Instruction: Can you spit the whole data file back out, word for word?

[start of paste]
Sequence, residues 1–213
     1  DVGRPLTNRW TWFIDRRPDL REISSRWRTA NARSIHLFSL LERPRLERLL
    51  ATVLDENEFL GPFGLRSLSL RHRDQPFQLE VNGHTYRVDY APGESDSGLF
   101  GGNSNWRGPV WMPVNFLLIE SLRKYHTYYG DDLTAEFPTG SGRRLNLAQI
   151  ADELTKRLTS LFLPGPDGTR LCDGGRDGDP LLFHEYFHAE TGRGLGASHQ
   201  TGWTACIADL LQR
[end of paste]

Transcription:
Sequence, residues 1–213
     1  DVGRPLTNRW TWFIDRRPDL REISSRWRTA NARSIHLFSL LERPRLERLL
    51  ATVLDENEFL GPFGLRSLSL RHRDQPFQLE VNGHTYRVDY APGESDSGLF
   101  GGNSNWRGPV WMPVNFLLIE SLRKYHTYYG DDLTAEFPTG SGRRLNLAQI
   151  ADELTKRLTS LFLPGPDGTR LCDGGRDGDP LLFHEYFHAE TGRGLGASHQ
   201  TGWTACIADL LQR